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Film / Morning Glory

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For some reason, guys like the film, too. (It's probably the Oasis Shout-Out.)

A 2010 comedy/romance film directed by Roger Michell, starring Rachel McAdams, Harrison Ford, Diane Keaton, Jeff Goldblum, and Patrick Wilson.

At the start of the film, Becky Fuller (McAdams) is fired from her job as the producer of a morning television talk show in New Jersey. She takes a pay cut to work for a different morning show called Daybreaknote  on the fictional IBS network in New York. Daybreak has terrible ratings and is headed for cancellation unless Becky, and the oddball employees that work for her, can make the program a success. She also ends up in a relationship with another producer (Wilson), but her workaholic attitude is constantly preventing her from having any sort of a normal life.

The main focus of the movie is Becky's relationship with one of her favorite news broadcasters (Ford), who has been forced to work on her cheery morning show even though he is accustomed to hard-hitting journalism. He begrudges the assignment and plays the part of the cranky old man who drives Becky up the wall with his antics and general grumpy attitude.

The film opened to positive reviews and moderate success.

Co-produced by J. J. Abrams, of all people. Not to be confused with the 1933 Katharine Hepburn film of the same name.

This film contains examples of:

  • Arson, Murder, and Jaywalking:
    • Mike comes on the set and declares: "I've won eight Peabodies, a Pulitzer, sixteen Emmys, I was shot through the forearm in Bosnia, pulled Colin Powell from a burning jeep, laid a cool washcloth on Mother Teresa's forehead during a cholera epidemic, had lunch with Dick Cheney." Becky takes him down a peg by responding "You're here for the money."
    • A variant is seen in how Adam describes Mike as the third worst person in the world. The other two are Kim Jong-Il... and Angela Lansbury. ("She knows what she did.")
  • Beware the Nice Ones: After weeks of tolerating Mike's boorish behavior, Becky finally lets loose with both barrels.
  • Blithe Spirit: Becky, who refuses to crack under Mike's antics and attitude, or the warring co-stars.
  • Brainless Beauty: The airheaded Asian co-host won her job on the merits of her sleeping with Goldblum's boss character.
  • Broken Pedestal: Becky has idolized Mike all her life, so she's rather shocked to discover what a neurotic, pompous ass he is.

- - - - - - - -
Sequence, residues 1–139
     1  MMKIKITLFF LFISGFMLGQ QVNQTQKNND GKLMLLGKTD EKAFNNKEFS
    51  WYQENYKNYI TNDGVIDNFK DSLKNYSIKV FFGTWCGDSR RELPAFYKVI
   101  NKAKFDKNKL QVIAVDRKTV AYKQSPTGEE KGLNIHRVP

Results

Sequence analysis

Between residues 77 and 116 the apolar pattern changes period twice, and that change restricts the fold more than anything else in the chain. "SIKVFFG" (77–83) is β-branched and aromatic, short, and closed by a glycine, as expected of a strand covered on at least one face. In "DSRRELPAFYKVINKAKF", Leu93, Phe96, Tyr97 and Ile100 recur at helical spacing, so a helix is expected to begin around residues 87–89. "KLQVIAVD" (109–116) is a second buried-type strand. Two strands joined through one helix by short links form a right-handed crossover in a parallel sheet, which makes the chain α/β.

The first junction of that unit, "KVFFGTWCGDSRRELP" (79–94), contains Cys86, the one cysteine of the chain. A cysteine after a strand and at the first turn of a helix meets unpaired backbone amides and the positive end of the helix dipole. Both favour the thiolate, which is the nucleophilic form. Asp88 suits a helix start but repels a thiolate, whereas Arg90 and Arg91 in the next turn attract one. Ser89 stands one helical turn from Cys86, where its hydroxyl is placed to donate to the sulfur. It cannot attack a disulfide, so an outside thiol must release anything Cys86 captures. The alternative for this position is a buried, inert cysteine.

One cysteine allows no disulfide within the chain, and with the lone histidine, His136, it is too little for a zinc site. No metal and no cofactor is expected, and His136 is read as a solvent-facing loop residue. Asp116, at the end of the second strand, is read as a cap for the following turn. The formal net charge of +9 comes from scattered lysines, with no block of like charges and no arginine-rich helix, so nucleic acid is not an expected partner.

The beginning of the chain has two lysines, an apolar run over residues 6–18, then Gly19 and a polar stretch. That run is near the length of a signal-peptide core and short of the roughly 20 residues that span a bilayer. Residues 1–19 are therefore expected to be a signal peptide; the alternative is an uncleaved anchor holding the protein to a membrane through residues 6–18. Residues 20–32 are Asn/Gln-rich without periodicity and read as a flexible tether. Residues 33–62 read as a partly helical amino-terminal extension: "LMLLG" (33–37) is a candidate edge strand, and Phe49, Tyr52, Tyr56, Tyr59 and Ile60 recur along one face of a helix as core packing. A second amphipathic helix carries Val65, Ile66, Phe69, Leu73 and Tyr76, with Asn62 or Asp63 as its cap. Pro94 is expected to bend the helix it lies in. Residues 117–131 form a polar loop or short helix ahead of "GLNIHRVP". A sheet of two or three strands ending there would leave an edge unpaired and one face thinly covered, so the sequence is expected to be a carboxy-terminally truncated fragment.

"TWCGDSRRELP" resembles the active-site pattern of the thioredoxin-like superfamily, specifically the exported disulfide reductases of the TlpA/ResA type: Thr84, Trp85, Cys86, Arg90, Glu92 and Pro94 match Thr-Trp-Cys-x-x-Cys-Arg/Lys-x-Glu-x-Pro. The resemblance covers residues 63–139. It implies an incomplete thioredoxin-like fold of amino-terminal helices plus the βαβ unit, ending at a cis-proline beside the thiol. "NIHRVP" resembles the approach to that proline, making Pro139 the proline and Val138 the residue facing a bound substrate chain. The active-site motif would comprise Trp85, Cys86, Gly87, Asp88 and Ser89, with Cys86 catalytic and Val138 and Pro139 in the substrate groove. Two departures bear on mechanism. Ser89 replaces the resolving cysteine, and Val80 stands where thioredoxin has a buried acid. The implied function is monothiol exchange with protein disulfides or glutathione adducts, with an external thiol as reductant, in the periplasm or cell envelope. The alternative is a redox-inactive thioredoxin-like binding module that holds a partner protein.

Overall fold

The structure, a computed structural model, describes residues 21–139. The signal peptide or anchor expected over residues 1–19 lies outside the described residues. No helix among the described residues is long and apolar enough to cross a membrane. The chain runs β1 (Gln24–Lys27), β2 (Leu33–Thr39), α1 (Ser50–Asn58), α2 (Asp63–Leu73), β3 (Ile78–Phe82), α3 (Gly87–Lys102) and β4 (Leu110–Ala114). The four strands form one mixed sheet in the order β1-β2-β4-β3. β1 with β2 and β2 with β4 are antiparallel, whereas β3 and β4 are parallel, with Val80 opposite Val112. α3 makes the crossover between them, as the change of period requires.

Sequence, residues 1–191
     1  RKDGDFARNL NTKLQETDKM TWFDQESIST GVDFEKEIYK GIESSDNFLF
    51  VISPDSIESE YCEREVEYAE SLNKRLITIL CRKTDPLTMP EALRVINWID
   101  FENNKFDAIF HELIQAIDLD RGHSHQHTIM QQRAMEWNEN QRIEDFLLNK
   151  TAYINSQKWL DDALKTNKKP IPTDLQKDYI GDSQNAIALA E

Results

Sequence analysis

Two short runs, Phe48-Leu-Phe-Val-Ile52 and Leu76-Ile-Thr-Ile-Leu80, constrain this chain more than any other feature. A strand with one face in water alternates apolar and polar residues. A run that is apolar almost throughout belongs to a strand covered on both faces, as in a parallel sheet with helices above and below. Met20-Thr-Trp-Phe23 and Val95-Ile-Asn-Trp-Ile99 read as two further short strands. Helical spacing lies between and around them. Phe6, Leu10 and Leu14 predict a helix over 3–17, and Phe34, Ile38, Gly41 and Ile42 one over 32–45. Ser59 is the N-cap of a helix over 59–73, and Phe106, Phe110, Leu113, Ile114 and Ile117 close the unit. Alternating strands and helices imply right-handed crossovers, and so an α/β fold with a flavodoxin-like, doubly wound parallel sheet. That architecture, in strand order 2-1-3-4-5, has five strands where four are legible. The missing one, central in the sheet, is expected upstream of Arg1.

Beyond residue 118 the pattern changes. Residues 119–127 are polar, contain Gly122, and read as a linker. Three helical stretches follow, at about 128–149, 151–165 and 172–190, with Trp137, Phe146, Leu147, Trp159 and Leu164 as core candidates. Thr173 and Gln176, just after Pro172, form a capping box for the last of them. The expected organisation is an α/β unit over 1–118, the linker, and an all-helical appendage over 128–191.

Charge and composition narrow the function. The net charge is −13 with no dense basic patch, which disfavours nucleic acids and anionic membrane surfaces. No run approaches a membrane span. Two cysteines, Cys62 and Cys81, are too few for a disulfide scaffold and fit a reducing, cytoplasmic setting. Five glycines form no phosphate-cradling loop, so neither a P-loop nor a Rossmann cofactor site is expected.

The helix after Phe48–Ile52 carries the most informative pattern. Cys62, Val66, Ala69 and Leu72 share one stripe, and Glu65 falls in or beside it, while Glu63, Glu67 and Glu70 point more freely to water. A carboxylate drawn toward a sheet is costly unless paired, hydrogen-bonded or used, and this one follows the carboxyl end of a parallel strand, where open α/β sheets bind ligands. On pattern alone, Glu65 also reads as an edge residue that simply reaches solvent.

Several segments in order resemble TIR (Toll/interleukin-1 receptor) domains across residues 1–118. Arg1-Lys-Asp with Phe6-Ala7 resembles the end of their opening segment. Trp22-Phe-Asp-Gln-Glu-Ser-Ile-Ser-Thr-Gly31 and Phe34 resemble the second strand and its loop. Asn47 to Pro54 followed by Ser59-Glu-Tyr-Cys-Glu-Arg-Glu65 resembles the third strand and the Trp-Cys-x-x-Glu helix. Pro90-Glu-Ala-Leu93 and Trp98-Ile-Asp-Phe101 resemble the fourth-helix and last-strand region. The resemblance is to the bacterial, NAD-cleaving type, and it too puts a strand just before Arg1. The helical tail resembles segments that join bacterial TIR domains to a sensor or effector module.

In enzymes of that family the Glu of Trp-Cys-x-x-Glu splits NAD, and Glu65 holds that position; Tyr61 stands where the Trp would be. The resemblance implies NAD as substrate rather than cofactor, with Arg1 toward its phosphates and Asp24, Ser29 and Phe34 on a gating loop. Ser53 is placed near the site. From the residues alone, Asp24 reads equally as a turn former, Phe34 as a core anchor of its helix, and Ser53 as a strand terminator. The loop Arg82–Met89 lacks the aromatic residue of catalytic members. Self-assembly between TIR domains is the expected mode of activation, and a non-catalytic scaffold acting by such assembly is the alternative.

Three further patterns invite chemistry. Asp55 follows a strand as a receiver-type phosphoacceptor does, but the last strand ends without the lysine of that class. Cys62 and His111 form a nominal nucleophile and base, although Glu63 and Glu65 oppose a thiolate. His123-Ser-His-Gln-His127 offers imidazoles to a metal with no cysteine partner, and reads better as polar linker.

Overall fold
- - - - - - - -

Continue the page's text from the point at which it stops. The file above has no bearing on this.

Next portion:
• Butt-Monkey: Ernie the weatherman is placed into increasingly dangerous segments so the audience can howl with laughter as he screams. When Becky arranges for him to ride "The Manhandler" on live TV, Ernie spends most of the uphill climb commenting on the cumulous clouds, puzzling Mike. Then the roller coaster hits its first dip.
  • The Cake Is a Lie: Wily Mike dupes Becky into filming the Governor's arrest by pretending to cover the annual Sauerkraut Festival in upstate New York (although she ultimately gets even more excited by what he's really up to).
    Becky: You baited me with sauerkraut! That's so low.
  • The Cameo:
    • Curtis "50 Cent" Jackson, Lloyd Banks and Tony Yayo.
    • Mike interviews ex-Secretary of State Condoleeza Rice at the start of the film.
  • Casual Kink: The presiding anchor on Daybreak introduces himself to Becky by offering to photograph her feet for his privately-run website. Eeeegh.
  • Chekhov's Skill: Mike's cookery talents.
  • Chick Flick: It's really about Becky's life as a whole, and the romance is a minor part of the story — but it's still mostly a "girls' night" sort of flick.
  • Cloudcuckoolander: Becky is one of these (her first date in the film certainly thinks so), but it's charming.
  • The Comically Serious: In his first broadcast, Mike summons a thundercloud over Colleen's cheery repartee.
  • Cool Old Guy: Harrison Ford really defines this trope in this movie.
  • Corrupt Politician: The Governor who Mike films the arrest of.
  • Cue the Sun: Cleverly uses a sunrise shot to close the film - which is very apt as it is about a morning TV show - and watching protagonists walk into a sunrise is that much more interesting than seeing them ride off into the sunset.
  • Deconstruction: The film is structured like a romantic comedy but the romcom tropes are played out through the development of the strictly platonic relationship between Becky and Mike (complete with a Race for Your Love in the climax). The actual romance between Becky and Adam is a subplot that proceeds with minimal drama and is actually quite realistic in depicting how two professionals dedicated to their careers have to figure out how to make room for a relationship.
  • Defrosting Ice Queen: Diane Keaton's character, Colleen Peck, does this well.
  • Determined Expression: Becky sports an epic one at times.
  • The Ditz: A young woman who got her job by sleeping with the boss. "The Rock changed his name to Dwayne Johnson," seriously?
  • Establishing Character Moment: Becky is shown bumbilng around the studio like a classic clumsy romcom protagonist. Then she shows that she isn't fazed at all by the high-pressure work environment and deals with a half-dozen crises in short order before calmly and firmly firing the creepy anchor.
  • Family Versus Career: Or romance versus career. For once, both male and female characters are shown to be struggling with this, though it's not the main focus of the story.
  • Fat Suit: Colleen takes a turn at sumo wrestling in one of these.
  • Gleeful and Grumpy Pairing: Becky and Mike behind Daybreak, Colleen and Mike in front of it. (the latter's case is even exploited, as the crew notices viewers like their bickering)
  • Grumpy Old Man: Mike Pomeroy.
    "You're in the News Department, you cretin! News is a sacred temple. And you are part of the cabal that's ruining it with horseshit!!"
  • Informed Judaism: One of Becky's colleagues, which makes for a funny moment when he gets nervous enough before a dubious emission to cross himself.
    Becky: Okay ... the Jewish guy's crossing himself ... so we're confident, right?